Blepharitis, or inflammation of the eyelid, can often accompany rosacea and the reason is often the same reason as to why the rosacea is occurring: demodex mites. While there are certainly many other causes of ocular rosacea besides demodex mites, it is one which should be considered. I started to notice my eyes becoming very dry in the past two years, around the time my rosacea symptoms worsened, but I didn’t make a connection. I went to two different eye doctors complaining of dry eyes, blurry vision, redness, and frequent irritation. Both doctors looked at my eyes, prescribed eyedrops, and said I was simply getting older. That didn’t sound quite right to me but what did I know? I wasn’t an eye doctor. When I began my very precise and thorough research of rosacea I began to read about ocular rosacea, or redness and irritation of they eyes, often associated with rosacea of the skin. All of the medical websites I read (healthline, mayo clinic, WebMD) said the same things I had always read about rosacea: no one knows why it happens, and there is no cure.
Luckily I eventually stumbled upon information about demodex folloculorum and demodex brevis, the two types of demodex mites which live in the hair follicles and pores of humans. (I know it sounds terrible but they actually live on all humans, and the population grows as we get older.) So I went back to Google and searched “optometry” and “demodex” and found some fantastic products made especially for your eyelashes to kill the demodex population in the follicles of your eyelashes, thus curing your blepharitis. After discussing this with a new eye doctor, I was told to use a foam called Ocusoft Oust which can be applied each night to your lashes, then wiped off. I would only recommend using a product especially made for eyes and following the directions to the letter. I used the eye foam in conjunction with a topical demodex mite treatment on my skin, while I was focusing significantly on reducing internal inflammation through dietary changes. I will never understand why two eye doctors and three dermatologists never mentioned the existence of demodex mites to me. I’m starting to think they simply don’t know, or if they do know, they are not supposed to tell us. Either way, it turns out the solution for me was very simple, and I am thrilled that my eyes no longer itch or burn, turn red, or feel irritated. And I haven’t used my prescribed hydrating eye drops in years.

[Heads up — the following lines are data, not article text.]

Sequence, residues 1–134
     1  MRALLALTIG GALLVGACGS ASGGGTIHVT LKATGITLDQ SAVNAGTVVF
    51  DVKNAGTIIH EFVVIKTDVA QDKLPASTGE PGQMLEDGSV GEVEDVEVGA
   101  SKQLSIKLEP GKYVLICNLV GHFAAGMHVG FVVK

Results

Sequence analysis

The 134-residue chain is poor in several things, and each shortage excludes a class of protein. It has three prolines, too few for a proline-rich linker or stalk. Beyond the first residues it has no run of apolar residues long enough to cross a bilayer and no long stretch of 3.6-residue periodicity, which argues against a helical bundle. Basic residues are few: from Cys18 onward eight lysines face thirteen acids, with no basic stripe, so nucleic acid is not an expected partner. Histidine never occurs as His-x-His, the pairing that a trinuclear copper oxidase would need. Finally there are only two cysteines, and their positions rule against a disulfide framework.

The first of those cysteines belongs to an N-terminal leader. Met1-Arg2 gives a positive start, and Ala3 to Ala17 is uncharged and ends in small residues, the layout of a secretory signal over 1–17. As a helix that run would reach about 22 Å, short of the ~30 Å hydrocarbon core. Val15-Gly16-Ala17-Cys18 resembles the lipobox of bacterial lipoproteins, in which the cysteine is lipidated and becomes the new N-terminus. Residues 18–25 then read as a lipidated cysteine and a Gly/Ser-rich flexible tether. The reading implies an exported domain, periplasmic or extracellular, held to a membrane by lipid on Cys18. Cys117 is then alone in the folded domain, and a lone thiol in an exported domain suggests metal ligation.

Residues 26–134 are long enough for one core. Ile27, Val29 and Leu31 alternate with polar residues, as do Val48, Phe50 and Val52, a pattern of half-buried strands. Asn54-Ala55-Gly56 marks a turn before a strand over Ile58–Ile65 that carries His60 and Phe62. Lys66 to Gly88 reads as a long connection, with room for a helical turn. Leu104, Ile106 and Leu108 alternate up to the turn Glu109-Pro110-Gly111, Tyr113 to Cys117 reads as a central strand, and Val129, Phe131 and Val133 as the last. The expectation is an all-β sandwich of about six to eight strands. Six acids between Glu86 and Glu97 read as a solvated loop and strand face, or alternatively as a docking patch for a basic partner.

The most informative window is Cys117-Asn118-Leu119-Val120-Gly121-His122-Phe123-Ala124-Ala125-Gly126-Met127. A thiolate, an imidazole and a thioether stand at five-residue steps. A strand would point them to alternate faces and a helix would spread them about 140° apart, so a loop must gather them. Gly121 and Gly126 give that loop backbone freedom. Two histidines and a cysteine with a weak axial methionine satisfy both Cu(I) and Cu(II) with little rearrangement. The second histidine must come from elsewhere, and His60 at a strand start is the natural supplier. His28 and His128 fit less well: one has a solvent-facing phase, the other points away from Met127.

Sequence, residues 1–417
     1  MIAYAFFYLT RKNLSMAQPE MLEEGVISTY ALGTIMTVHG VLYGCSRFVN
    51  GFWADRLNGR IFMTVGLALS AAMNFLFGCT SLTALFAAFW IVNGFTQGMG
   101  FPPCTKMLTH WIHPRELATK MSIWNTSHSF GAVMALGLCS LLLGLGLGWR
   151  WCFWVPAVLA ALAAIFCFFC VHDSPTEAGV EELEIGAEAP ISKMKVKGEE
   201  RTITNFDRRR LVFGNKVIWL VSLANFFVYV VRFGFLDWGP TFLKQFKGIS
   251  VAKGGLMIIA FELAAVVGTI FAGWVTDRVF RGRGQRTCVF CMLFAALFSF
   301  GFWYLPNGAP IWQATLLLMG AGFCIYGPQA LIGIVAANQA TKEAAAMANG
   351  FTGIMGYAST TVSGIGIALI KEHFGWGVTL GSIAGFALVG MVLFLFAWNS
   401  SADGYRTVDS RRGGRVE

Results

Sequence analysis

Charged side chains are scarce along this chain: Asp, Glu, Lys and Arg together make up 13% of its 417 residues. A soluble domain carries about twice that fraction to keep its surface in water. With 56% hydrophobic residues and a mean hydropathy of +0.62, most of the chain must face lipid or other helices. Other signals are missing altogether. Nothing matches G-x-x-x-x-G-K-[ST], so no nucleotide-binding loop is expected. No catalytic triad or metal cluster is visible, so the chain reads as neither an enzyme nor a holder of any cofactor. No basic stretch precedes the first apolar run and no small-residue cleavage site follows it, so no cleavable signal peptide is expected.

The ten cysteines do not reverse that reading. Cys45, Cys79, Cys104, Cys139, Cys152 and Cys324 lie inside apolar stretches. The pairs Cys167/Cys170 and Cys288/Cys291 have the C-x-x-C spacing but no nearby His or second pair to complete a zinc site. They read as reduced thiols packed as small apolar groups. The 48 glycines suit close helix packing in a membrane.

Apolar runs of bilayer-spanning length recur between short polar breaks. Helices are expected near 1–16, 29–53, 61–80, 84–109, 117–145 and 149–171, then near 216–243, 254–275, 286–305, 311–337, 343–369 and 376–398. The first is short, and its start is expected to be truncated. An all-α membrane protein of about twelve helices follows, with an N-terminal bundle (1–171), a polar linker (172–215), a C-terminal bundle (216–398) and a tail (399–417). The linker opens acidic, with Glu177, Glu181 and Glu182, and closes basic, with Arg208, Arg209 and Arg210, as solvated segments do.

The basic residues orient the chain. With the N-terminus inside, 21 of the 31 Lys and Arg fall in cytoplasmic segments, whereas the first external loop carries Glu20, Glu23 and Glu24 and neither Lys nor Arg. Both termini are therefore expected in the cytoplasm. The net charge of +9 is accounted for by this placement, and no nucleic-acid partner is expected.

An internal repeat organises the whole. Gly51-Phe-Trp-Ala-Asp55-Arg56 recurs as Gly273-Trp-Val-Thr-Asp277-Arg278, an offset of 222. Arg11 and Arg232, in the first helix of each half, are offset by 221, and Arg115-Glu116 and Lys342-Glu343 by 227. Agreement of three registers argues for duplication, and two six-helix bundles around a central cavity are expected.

Always discuss any new products with your eye doctor and dermatologist before use. There are many other causes of ocular rosacea which are NOT demodex mites, and this is a condition which cannot be self-diagnosed.